The California-based electric-vehicle maker, which is planning a massive Gigafactory battery plant in the US as it prepares to unveil a lower-priced model, sold 1,493 Model S sedans in Norway last month. The sales total more than doubled the No. 2 selling Volkswagen Golf (624 units) and beat a 28-year-old monthly sales record set by the Ford Sierra (1,454 vehicles). And March marked the second straight month an electric vehicle took Norway's best-selling crown, which was won by Nissan for its Leaf in February.
That's heady stuff, and it gets headier when you factor in Norway's population of only about 5.1 million people. That means that on a per-capita basis, that'd be like Tesla selling about 94,000 Model S vehicles in a month in the US. By comparison, Ford sold "only" about 71,000 of its best-selling F-Series trucks last month.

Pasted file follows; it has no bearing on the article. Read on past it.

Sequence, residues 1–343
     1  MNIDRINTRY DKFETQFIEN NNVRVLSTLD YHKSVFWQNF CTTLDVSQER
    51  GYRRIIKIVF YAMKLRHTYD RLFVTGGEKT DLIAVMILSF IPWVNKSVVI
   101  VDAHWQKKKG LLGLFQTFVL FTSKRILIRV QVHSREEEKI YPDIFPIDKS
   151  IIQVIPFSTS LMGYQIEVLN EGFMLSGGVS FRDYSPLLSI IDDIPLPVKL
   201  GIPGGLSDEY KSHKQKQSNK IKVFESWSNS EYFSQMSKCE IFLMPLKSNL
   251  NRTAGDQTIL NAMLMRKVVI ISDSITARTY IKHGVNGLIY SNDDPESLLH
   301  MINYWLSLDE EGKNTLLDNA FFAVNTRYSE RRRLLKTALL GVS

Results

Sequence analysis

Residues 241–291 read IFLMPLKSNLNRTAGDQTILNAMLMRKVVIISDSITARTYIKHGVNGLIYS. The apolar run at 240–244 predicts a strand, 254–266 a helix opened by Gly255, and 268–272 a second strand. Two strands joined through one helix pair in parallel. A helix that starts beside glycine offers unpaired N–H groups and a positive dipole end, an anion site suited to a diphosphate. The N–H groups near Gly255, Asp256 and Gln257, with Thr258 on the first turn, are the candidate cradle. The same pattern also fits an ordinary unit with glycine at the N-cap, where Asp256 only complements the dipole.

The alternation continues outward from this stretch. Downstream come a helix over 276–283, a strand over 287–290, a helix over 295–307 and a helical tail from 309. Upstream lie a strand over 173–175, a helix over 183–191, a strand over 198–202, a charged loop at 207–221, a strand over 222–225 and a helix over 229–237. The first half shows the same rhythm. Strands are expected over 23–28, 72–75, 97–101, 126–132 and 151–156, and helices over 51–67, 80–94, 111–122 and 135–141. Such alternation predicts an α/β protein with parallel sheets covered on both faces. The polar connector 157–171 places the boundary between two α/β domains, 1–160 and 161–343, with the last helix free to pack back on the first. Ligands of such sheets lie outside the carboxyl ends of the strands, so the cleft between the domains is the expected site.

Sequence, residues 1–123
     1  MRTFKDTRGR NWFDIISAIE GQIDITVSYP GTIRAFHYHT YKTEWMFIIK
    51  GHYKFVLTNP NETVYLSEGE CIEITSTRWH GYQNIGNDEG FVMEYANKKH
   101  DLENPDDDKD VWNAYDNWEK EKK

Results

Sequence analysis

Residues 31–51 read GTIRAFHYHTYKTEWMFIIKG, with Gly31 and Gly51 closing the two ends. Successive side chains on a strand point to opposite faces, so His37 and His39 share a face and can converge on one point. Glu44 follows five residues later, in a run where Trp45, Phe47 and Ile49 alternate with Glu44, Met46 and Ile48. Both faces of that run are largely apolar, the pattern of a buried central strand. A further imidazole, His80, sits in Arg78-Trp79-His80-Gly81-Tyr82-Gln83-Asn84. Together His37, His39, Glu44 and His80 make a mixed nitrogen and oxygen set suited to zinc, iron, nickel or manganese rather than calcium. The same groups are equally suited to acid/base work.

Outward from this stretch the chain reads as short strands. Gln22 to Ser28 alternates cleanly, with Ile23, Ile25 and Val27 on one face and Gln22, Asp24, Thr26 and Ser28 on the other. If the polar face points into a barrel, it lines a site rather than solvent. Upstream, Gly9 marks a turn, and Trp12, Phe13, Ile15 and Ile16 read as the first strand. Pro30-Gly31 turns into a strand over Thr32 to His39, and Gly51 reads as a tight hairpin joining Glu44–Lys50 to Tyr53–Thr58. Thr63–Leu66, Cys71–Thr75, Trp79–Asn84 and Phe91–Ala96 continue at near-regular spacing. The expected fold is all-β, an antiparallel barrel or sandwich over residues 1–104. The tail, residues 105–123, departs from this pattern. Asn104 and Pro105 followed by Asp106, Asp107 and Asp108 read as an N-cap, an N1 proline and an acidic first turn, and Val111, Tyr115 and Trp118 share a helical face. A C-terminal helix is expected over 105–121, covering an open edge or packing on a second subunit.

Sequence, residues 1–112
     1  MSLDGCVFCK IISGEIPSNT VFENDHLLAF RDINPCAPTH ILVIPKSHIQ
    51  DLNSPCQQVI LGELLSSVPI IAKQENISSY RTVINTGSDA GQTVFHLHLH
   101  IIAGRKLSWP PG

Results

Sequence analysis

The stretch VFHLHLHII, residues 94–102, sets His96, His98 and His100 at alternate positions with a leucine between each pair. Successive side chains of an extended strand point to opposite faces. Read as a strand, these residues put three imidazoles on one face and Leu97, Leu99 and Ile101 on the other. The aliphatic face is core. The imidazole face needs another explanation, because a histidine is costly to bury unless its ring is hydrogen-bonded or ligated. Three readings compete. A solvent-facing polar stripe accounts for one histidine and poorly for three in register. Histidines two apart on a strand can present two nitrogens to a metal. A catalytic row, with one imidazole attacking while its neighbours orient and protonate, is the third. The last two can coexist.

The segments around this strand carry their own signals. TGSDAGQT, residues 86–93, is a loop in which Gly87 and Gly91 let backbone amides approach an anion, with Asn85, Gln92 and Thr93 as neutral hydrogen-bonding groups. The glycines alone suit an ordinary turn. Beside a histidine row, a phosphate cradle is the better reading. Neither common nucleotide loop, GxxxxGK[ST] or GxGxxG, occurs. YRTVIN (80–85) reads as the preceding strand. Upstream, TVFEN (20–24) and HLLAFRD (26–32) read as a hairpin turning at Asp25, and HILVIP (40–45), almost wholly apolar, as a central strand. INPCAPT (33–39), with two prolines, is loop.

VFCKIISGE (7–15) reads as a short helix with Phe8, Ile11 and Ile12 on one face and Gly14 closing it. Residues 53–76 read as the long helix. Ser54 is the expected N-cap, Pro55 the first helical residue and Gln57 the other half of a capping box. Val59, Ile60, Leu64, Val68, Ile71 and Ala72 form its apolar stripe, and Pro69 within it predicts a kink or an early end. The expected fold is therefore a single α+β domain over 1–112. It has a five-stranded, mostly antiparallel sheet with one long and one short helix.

With cheap and abundant hydroelectric power, Norway heaps lots of incentives for its EV buyers, including perks such as free parking, an extensive recharging network, use of bus lanes and free ferries and road tolls. With EV subsidies tallied at about $8,000 per vehicle, the country reportedly may reach its limit of providing incentives for 50,000 EVs by mid-2015, or about two-and-a-half years ahead of schedule. And for that, Norwegians, blame Tesla.